On He Rode: Chapter Four
This is NOT a Year of the Dog Contest entry.
This gunmetal Chevrolet was already old in 1963 when I willingly paid
too much for its low miles, perfect paint and glass, and total lack of
dents or dings — virtually a new car, though technologically
out-of-date, a plus in my view.
Across the Skokomish River and past the Skokomish Indian Reservation,
I glide south on Hwy. 101. In 8th-grade inter-school sports, we were
the paleface Raiders; they were the dusky Indians, the remnant
descendants of tribes living here before we Raiders barged in and
improved everything. It’s hard not to admire planes, trains,
automobiles, tall buildings, and personal electronic gadgets, but I
can’t quite believe the “primitive” civilization we supplanted was
inferior to ours. Theirs was perpetually self-sustaining and renewing;
ours seems bent on total annihilation. Tribal disputes vs. world war;
one-on-one vs. nuclear holocaust. What else can I say? Traditional
Hawaii? Superior for the same reasons. Then we came, with measles.
Guns. Nukes. Etcetera.
My car’s radio died of dampness under Whitey’s mossy-trunked maples.
So, who needs a radio? Behold, my Hohner key-of-C blues harpoon. Not
that I’m great shakes so far, but I’ll keep it close by, sure to be
inspired by open road resonances to compose my own haunting crossharp
etudes. Not overnight, mind you. Patience. Good things take time.
I stop in the lumbering town of Shelton to check out guitar manuals. A
nickel in the meter gives me a half-hour. No parking ticket today,
thanks. On my way back, I’m almost surprised to see how clean, crisp,
and new-looking my Chevy still is, the bumpers and grill gleaming
rust-free, the white sidewalls glowing haloes.
The interior too, the headliner unfaded and unstained, the dash
unscathed, the seats firm and clean, the steering wheel and floor
pedals like new. Body by Fisher from the days when it apparently meant
something. It’s good to slide behind the wheel and head south, a new
Dylan songbook beside me. Are we rollin’, Bob? Damn rights were
This new electric Dylan, this human compulsion to go new places and
make new things, where’s it come from? Are we all tapped-in to a
species-wide extra-sensory network that at supra-cosmic levels keeps
fueling the same frantic cravings for survival? Mutual and universal,
we hope? We trust? No bullying, right?
A friend, a man twenty heavy-burdened years older and balder than me,
holds that the simple secret to successful marriage is mutual trust.
Which is why he and his wife — and I and mine — no longer live
together. “The secret to any successful relationship?” I suggest.
We raise our stubbies of Primo Hawaiian beer, chug the warming dregs
in perfectly harmonious trust, and head to the reefer for fresh cold
ones. We’ve got it all worked out. Just trust.
Seriously though, isn’t trust like faith, and doesn’t that open things
up to wider possibilities? Faith? Trust? Are they the same? Aren’t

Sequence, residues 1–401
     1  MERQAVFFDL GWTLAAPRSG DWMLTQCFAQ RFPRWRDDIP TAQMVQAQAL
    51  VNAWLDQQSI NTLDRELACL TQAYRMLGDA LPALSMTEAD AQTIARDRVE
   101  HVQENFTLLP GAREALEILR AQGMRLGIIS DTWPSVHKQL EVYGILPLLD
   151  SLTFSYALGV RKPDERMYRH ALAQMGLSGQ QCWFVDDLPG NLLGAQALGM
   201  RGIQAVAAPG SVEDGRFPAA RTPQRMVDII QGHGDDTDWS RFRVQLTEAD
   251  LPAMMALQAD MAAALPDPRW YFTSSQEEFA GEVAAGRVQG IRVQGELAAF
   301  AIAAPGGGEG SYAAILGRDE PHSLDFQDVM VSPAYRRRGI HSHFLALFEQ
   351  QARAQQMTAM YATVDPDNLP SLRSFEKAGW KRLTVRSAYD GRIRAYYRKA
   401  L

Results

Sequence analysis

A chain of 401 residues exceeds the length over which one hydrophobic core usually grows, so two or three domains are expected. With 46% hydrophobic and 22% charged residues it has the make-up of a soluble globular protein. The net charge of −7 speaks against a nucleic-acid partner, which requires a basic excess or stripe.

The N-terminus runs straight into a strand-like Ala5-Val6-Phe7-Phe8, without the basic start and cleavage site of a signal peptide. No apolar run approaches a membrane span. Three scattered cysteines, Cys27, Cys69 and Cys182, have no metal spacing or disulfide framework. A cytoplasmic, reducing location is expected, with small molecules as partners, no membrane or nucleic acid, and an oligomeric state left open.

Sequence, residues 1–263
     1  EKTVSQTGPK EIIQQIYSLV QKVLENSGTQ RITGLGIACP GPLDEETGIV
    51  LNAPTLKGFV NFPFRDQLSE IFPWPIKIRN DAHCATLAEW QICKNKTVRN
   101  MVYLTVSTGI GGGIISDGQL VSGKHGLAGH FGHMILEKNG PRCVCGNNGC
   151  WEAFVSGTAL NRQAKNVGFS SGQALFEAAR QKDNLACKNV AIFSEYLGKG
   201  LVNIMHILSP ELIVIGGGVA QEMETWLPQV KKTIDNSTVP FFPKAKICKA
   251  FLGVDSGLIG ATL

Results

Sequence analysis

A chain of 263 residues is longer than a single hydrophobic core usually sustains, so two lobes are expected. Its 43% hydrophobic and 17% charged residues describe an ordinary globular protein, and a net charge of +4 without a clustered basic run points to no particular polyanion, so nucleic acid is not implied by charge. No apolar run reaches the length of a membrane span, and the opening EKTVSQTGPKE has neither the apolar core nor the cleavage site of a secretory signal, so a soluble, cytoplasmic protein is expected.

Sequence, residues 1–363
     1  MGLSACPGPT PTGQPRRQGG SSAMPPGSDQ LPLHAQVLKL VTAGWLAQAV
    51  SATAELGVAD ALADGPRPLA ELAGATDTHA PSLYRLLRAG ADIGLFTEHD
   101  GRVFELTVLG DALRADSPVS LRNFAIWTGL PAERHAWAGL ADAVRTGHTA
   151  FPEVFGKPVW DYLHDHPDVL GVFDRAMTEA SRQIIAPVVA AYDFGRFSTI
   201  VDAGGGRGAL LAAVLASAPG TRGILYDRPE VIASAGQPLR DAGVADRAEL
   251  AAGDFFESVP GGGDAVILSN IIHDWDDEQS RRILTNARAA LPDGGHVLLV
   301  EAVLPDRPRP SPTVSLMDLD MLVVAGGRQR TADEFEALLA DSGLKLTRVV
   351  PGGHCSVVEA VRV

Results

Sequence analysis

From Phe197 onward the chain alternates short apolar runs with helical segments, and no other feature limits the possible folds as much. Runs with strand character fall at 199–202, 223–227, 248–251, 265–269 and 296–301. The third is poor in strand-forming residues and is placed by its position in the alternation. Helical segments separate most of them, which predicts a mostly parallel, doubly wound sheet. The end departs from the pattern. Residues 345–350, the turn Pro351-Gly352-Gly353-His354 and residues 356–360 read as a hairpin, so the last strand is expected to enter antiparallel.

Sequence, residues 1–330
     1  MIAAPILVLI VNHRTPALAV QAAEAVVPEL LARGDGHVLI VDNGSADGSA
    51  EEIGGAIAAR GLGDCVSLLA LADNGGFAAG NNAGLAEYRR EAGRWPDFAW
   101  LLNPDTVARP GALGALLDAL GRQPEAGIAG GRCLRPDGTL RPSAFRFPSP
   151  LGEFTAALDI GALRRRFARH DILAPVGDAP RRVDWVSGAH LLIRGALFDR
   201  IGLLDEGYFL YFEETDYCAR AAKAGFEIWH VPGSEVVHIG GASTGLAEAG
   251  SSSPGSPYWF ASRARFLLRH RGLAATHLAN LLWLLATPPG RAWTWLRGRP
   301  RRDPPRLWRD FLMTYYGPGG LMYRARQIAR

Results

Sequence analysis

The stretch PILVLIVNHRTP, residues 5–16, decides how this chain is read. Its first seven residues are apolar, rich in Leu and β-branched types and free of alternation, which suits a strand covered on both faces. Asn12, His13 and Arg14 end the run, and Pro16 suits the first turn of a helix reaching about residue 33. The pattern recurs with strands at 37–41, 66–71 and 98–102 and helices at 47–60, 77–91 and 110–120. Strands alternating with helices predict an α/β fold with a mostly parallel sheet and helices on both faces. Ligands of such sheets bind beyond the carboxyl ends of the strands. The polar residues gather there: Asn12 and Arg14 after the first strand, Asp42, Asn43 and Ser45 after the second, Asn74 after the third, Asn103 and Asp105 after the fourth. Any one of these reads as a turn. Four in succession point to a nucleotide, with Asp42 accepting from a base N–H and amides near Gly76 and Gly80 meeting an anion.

they? In God we trust. Do we? Then why do we mint money? And why do we
swill beer and blow weed? Weed. Evers. Asshole.
Heading south the fast way, I-5, I cross the mighty, muddy Columbia
and hug its south bank all the way to the coast, where I turn left
into a whole new country, a spectacularly understated natural
seascape. The fabled Oregon Coast. There it is.
There’s an order of business I’ve promised myself to conduct asap.
Pulling onto a flat, graveled promontory at the tip of which sits a
small, square frame building with a bright barber pole next to its
entrance, I park, get out, take a deep breath, and stride purposefully
forward. Imagine what an almost criminally irresponsible act I am
about to commit. Bordering on personal disfigurement, what will people
Exactly. What will people say about a young man’s not having enough
self-regard to at least try to appear normal through some artful
rearranging of a diminishing resource, a porous web of deception that
deceives exactly nobody? “You this guy’s big friend? Baldy?”
The barber’s a Pendleton-shirt-wearing old fart in his padded chair
gazing through a wide plate glass window at an unusually broad swath
of rugged coastline, cliffs and islands. “Haircut?” he offers.
“Haircut,” I affirm.
“You come to the right place.”
“Looks like. Just take it off.”
“Will do,” he says.
Taking his place in padded leather prominence facing southwest, I
picture this man’s life. Age, say 57, he’s retired from another line
of work, local realty maybe, considering his snug situation. Perhaps
the county? Drove truck, maybe? Doesn’t care to travel, just wants to
captain his own soul and see a long ways off. Keeps a little change in
his pocket. Hosts a bit of quiet conversation after work. Beer or two.
Mine’s an out-of-state license plate on an out-of-date vehicle; he
must wonder. But does he? Now I wonder: Why’s he being so careful and
taking so damned long? I wave my hand back and forth. “Just take it
off,” I repeat.
“A-all of it?” he says. “You mean b-bald? You sure?”
“Yep,” I say. “B-bald. Slicked-out.”
“Okay then,” he sighs. Bald? Insane.
Hair still grows thick in the classic sidewall horseshoe, my feeble
salute to contemporary fashion. That layer of quasi-pubic fur drops in
clots accompanying longer cranial gossamer floating off my shoulders
and lap on its way to the spotless linoleum. In two minutes max, he
takes it all off and spins me toward the mirror to face my blunder.
“This what you wanted?” A fucking blue-veined light bulb with ears?
“That’s what I hope to find out.”
“To each his own,” he mutters.
I tip a dollar for luck. Mine. Outside, the air blows fresher. My
left-hand pointer lightly fingers smooth-skinned cerebral
chromedomicile, so to speak: What? You think this looks good?